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Open AccessCase Report

Complex Implant-Prosthetic Rehabilitation Following Sports Trauma with 14 Years of Follow-Up: Case Report

Department of Dentistry and Oral Maxillofacial Surgery, University of Modena and Reggio Emilia, 41124 Modena, Italy
Department of Periodontology, School of Dental Medicine, Tufts University, Boston, MA 02111, USA
Faculty of Dentistry, Oral & Craniofacial Sciences, King’s College of London, Guy’s Tower, Guy’s Hospital, Great Maze Pond, London SE1 1UL, UK
Author to whom correspondence should be addressed.
Received: 14 December 2020 / Revised: 29 December 2020 / Accepted: 7 January 2021 / Published: 9 January 2021
(This article belongs to the Special Issue Sport and Dental Traumatology)


Tooth loss after traumatic dental injuries (TDI) often requires rehabilitation with a multidisciplinary treatment plan. In growing patients, the therapeutic approach may be different than in adults; the scientific literature offers alternative solutions even if they involve long, complex and uncomfortable treatments. Among the possible therapeutic options, implant-prosthetic treatment through the use of mini-implants is presented in this complex case report with a 14-year follow-up.
Keywords: dental trauma; tooth avulsion; luxation; implant-supported prosthesis; mini-implant dental trauma; tooth avulsion; luxation; implant-supported prosthesis; mini-implant

1. Introduction

Traumatic dental injuries (TDI) cause immediate damage in patients with a negative impact on quality of life [1]. Treatment plans are often multidisciplinary, lengthy and involve a team of dentists who must be able to solve various problems.
The difficulties in diagnosis are related to many aspects such as the patient’s age, the presence of deciduous and permanent teeth and bone stage development [2]. Surely, immediate treatment is important in the therapeutic management [3]. Therapeutic protocols must be chosen after careful evaluations [4]. Traumas involving the dental crown have current consolidated protocols; the continuous development of materials allows for conservative interventions that can restore and correct esthetics with reliable and minimally invasive techniques [5,6,7]. In case of traumas involving the dental pulp, the therapy will be more complex, even if official guidelines identify specific and predictable steps [8]. Nevertheless, in case of dental avulsion, the best therapeutic choice is tooth reimplantation, which can be influenced by many aspects such as root maturation stage or the extra-oral dry time.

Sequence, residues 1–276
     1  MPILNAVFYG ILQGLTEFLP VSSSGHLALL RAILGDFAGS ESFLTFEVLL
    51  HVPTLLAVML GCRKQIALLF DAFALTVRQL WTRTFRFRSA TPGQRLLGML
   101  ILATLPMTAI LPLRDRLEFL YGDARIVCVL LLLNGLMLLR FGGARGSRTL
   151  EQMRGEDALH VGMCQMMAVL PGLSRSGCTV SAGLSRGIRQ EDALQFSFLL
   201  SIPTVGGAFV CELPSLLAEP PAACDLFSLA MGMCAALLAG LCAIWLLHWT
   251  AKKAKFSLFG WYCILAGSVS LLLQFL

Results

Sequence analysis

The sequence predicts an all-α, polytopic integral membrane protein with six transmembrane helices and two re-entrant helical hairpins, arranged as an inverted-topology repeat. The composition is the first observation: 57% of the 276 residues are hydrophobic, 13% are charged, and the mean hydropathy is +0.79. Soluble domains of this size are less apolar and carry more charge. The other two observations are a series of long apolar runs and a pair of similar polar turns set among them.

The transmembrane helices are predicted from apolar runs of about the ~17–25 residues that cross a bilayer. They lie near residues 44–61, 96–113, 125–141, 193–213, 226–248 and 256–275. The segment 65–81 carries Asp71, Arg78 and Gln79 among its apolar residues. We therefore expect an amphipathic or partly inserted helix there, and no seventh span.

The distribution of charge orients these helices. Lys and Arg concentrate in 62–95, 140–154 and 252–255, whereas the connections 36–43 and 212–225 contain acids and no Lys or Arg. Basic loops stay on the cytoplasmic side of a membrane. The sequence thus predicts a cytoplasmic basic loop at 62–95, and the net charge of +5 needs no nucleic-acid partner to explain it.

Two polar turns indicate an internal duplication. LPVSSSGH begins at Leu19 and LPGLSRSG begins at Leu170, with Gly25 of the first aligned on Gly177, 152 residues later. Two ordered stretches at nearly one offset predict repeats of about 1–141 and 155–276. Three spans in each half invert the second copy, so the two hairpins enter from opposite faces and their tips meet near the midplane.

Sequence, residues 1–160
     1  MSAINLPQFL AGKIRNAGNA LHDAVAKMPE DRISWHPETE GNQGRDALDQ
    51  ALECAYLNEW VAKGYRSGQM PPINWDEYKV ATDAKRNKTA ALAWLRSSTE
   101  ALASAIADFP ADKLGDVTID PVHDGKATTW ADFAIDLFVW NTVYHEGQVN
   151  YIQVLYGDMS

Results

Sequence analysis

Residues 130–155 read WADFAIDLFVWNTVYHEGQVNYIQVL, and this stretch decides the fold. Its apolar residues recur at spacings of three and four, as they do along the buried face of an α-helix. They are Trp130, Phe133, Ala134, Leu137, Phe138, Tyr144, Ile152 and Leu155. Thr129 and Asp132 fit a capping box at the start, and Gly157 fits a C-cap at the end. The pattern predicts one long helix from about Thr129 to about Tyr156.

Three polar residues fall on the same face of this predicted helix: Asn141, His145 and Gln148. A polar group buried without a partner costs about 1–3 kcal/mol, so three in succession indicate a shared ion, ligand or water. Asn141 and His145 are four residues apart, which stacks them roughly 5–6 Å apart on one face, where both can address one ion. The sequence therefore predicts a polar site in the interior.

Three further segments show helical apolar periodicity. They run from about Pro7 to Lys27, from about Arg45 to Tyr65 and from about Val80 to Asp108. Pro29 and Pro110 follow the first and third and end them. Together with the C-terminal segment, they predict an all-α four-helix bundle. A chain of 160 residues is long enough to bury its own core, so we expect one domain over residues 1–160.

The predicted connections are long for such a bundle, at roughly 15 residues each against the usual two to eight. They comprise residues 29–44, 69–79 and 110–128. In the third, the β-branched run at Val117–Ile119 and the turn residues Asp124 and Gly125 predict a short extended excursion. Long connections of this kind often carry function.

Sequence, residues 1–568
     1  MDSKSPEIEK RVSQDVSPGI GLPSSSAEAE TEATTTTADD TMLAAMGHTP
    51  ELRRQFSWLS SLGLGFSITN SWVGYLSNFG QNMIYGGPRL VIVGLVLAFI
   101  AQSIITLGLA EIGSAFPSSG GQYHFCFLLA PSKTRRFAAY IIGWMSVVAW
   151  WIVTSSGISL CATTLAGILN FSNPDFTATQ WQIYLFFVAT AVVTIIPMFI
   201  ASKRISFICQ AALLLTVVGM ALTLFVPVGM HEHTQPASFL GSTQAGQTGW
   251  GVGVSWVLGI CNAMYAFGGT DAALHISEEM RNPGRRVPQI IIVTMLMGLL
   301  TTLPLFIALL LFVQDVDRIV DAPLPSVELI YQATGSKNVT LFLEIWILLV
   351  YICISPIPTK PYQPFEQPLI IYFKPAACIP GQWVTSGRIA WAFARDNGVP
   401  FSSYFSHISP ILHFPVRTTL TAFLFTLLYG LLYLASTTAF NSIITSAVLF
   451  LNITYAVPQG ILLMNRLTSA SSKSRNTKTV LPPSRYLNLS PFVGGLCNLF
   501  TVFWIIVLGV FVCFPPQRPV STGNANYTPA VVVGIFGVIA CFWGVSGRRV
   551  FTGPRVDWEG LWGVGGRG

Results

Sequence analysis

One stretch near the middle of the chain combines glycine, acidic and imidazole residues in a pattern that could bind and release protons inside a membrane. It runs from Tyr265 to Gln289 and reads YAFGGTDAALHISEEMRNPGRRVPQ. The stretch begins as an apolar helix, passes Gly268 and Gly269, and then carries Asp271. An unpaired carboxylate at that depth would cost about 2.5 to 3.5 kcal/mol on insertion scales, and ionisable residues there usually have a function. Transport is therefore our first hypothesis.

When the treatment is delayed, guidelines are less specific and predictable. In these instances, it is necessary to evaluate which treatment is more suitable for the specific clinical scenario [9,10]. It is known that tooth reimplantation following dental avulsion is the first choice of treatment. The therapeutic approach may be complicated in growing patients. Tooth reimplantation can cause periodontal ligament inflammation, ankylosis or root resorption. An alternative, when reimplantation is not possible, is auto-transplantation [11]. It represents the most conservative therapy, and it allows bone and soft tissue growth. In the frontal area, it is possible to auto-transplant only premolar teeth with incomplete apex maturation [12]. Nevertheless, possible complications may arise, such as root resorption or non-stabilization of the reimplanted tooth [13]. After the healing of an auto-transplanted tooth, orthodontic and conservative treatment is necessary to have satisfactory esthetics.
In case of failure or when tooth replantation is not possible, the literature recommends other treatment options. One therapeutic alternative, widely discussed in the literature, is the closure of spaces through orthodontic treatment [14]. This option is related to the patient’s age and occlusion. When it is possible to use this technique, the tooth anatomy will be modified with direct or indirect techniques in order to achieve a harmonious and natural alignment. Another option is the replacement of avulsed teeth with fixed or removable prostheses, even if the limitations in growing patients are many [15].
A fourth therapeutic option is represented by implant-prosthetic rehabilitation. This choice is recommended in adult patients who have completed their skeletal growth. The continuous development of materials makes it possible to have specific implant fixtures, achieving ideal esthetics and eliminating mechanical problems, such as rotation of the prosthetic components [16,17]. Implant therapy in adolescents or growing patients has been widely evaluated, and some authors investigated and proposed the use of mini-implants to restore edentulous areas [18,19,20]. In similar cases, the possible therapeutic alternative is waiting for the growth end and, after, performing a regeneration of hard and soft tissues followed by traditional diameter implants placement. In the event that this therapeutic option is chosen, it will be necessary, for many years, to manage the lack of teeth lost in the trauma with fixed adhesive prostheses such as a Maryland bridge or with removable prostheses. The purpose of this case report is to provide an immediate therapeutic alternative with fixed implant-prosthetic rehabilitation supported by mini-implants in cases of traumatic loss of teeth in the esthetic area in the growing patient.